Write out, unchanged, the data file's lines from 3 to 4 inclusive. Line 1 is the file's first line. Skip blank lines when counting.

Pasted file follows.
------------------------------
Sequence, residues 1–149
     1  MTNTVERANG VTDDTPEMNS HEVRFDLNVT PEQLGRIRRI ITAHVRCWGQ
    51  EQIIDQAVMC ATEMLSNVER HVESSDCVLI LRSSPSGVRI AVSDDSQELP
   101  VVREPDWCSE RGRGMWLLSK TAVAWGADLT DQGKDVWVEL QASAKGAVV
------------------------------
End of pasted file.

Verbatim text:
    51  EQIIDQAVMC ATEMLSNVER HVESSDCVLI LRSSPSGVRI AVSDDSQELP
   101  VVREPDWCSE RGRGMWLLSK TAVAWGADLT DQGKDVWVEL QASAKGAVV